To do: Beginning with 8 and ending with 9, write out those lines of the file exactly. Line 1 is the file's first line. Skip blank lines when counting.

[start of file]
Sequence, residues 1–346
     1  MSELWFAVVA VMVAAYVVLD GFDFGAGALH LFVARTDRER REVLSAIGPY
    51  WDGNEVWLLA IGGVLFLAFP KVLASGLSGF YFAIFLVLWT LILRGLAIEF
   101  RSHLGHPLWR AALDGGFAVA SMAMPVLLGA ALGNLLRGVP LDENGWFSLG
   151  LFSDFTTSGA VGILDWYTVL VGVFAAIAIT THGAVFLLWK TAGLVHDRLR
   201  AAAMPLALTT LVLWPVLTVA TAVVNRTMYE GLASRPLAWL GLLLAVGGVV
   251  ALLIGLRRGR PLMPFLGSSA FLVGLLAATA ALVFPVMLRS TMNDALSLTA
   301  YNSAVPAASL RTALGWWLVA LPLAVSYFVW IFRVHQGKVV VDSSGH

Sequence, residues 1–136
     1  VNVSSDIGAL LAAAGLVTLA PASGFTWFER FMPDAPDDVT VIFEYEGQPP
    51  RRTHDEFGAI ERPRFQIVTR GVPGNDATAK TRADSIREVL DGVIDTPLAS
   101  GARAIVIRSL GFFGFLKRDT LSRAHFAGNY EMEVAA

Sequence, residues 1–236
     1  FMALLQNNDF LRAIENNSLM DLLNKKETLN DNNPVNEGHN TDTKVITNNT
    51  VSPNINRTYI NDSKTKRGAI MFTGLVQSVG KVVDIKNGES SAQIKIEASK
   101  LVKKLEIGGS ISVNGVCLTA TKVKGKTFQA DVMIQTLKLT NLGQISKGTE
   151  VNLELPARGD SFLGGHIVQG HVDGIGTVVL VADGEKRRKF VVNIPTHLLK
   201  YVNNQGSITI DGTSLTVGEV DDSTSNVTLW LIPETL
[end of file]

   301  YNSAVPAASL RTALGWWLVA LPLAVSYFVW IFRVHQGKVV VDSSGH

Sequence, residues 1–136